But, if I’m able to buy Visa shares at a discount to fair value, then I’ll be happy with my purchase. If Visa continues to hug that 27x level and grows its EPS like Wall Street expects, then by buying shares today, I’d be setting myself up to generate an annualized rate of return of nearly 12% over the next 3 years or so. And due to the extremely high quality nature of Visa’s company, I’m happy to pay fair value. Right now, the consensus analyst estimate for Visa’s EPS growth in 2024 is 13%. So, it appears that Wall Street agrees with my bullish growth outlook. That’s a big move in a short period of time…and this rally has pushed just about every company on my watch list up above my fair value estimate.

I estimate its fair value at $274.0 per share, reflecting a 21.2% upside. At its current price, Visa is trading at an 11% discount compared to Mastercard based on their P/E ratios, which I find unjustified. It’s also hard to understate Visa’s importance in the daily lives of both merchants and individuals. Using cards as a method of payment is so ingrained in our society that Visa’s competitive standing is almost impossible to disrupt. Along with its duopoly position with Mastercard, Visa has a mutually beneficial relationship with numerous banks that issue its branded credit cards, as well as acquirers that bring on new merchants to the network. Visa Incorporated operates VisaNet, a transaction processing network that enables authorization, clearing, and settlement of payment transactions.

Acquiring banks are responsible for ensuring that their merchants comply with the rules. Overall, the card payment industry is complex, involving merchants, merchant acquiring banks, https://bigbostrade.com/ issuer banking, network processing, and cardholders. Network processors, and specifically Mastercard and Visa, have the freedom to structure their fees any way that they like.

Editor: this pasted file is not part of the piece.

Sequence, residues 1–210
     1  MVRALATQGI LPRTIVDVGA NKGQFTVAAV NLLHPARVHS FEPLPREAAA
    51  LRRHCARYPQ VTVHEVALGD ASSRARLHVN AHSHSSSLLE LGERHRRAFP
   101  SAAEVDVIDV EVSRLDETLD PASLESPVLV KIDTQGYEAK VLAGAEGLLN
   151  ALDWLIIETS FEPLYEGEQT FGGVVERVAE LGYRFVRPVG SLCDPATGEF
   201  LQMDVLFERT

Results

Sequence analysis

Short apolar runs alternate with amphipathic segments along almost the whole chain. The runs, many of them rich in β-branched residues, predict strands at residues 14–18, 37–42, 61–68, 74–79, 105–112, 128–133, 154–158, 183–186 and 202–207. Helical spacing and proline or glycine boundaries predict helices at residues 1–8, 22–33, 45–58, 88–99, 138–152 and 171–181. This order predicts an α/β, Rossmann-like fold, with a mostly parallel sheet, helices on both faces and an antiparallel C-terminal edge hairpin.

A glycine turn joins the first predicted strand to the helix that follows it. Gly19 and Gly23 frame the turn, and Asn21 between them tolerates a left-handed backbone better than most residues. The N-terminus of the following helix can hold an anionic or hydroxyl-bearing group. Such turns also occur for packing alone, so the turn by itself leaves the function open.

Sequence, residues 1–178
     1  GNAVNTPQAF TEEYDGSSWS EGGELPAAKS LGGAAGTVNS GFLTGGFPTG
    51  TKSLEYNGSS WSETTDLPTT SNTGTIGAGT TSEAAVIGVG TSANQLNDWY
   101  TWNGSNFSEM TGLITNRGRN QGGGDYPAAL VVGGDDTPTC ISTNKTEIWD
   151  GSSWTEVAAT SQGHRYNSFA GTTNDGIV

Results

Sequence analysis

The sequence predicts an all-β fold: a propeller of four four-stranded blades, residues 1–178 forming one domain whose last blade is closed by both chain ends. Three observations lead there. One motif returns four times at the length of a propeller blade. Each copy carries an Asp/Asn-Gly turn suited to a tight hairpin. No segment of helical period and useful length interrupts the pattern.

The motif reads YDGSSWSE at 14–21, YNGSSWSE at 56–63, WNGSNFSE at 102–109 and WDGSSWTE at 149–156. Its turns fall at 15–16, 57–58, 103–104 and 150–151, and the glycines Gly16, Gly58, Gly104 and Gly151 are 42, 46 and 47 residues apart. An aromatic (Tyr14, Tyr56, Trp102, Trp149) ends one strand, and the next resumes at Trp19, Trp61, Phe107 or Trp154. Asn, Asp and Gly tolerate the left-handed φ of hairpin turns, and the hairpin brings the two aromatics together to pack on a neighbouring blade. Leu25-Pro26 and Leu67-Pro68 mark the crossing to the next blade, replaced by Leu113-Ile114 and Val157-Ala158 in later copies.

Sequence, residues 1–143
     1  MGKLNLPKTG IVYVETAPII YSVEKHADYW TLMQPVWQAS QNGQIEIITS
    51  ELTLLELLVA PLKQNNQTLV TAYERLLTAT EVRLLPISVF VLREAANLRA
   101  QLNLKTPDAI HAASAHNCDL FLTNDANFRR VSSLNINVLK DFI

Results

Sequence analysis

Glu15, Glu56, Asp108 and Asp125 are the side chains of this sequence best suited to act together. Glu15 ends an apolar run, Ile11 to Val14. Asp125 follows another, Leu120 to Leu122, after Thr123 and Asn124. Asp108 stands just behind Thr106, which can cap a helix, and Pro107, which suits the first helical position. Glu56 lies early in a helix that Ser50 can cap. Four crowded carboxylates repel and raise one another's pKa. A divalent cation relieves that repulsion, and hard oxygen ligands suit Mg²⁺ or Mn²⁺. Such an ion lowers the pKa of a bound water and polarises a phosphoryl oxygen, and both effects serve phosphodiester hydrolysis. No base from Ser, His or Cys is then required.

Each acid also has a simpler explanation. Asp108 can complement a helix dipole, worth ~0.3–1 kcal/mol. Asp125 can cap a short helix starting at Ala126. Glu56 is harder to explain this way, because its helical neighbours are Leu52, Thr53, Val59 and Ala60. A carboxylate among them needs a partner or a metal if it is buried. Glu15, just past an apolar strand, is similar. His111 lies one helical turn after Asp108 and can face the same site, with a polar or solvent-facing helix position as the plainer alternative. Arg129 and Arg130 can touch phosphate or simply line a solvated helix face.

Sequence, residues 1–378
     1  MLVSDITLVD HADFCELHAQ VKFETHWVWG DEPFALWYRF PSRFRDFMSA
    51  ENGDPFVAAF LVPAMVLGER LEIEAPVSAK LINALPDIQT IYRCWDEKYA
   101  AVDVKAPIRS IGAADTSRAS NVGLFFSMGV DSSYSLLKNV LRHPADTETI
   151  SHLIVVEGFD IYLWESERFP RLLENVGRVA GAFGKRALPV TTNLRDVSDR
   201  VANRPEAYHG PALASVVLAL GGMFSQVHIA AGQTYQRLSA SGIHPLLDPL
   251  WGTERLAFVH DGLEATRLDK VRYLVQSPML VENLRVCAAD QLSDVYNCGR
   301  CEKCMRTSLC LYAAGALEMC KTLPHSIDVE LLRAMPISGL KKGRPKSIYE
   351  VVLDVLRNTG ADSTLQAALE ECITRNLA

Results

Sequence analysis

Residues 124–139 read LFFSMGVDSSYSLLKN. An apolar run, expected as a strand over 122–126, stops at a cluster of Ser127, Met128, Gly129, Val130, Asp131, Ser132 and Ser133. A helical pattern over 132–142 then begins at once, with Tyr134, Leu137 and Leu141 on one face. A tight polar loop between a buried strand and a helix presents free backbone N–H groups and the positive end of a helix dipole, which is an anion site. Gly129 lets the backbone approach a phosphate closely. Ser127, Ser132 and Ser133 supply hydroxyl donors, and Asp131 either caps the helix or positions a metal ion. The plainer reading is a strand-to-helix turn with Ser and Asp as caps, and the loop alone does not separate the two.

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All of this fundamental growth has led to fantastic dividend growth for Visa shareholders. And this level of growth has been consistent since Visa’s IPO in 2008. Since going public, Visa has generated positive annual EPS growth during 14 out of its 15 fiscal years.

This structuring and reporting is one of the biggest differences between the two largest network processors. Card issuers can also offer other perks, such as identity theft and fraud protection, car rental insurance, and business purchase discounts. Paying a little over 30x net profits for a company that is growing its revenue at a 25% rate is not a bad deal, I believe. In the above chart, we also see that Visa used to trade at a significantly higher valuation in the past, as its 3-year and 5-year median earnings multiples are in the high 30s. Compared to that, Visa is valued at a discount of roughly 20% today – despite the fact that the broad market has run up over the last three to five years.

Visa collects a processing fee (fixed fee) for every monthly payment instead of only one for a non-BNPL transaction. Total consumer spending and the percentage of transactions paid with Visa’s solutions are the key revenue drivers. Consumer spending has historically been very stable and has grown around 5% per year. While it is difficult to forecast macroeconomic data, we believe that a mid-single growth rate is possible going forward.

Further, the company is very sensitive to changes in consumer spending levels, which suffered in 2020 due to the impact of the Covid-19 crisis and economic slowdown. That said, the consumer spending levels have seen some recovery over the recent quarters and are likely to further improve with recovery in the economy. This is also evident from the growth in payments volume and processed transactions in the recent quarter.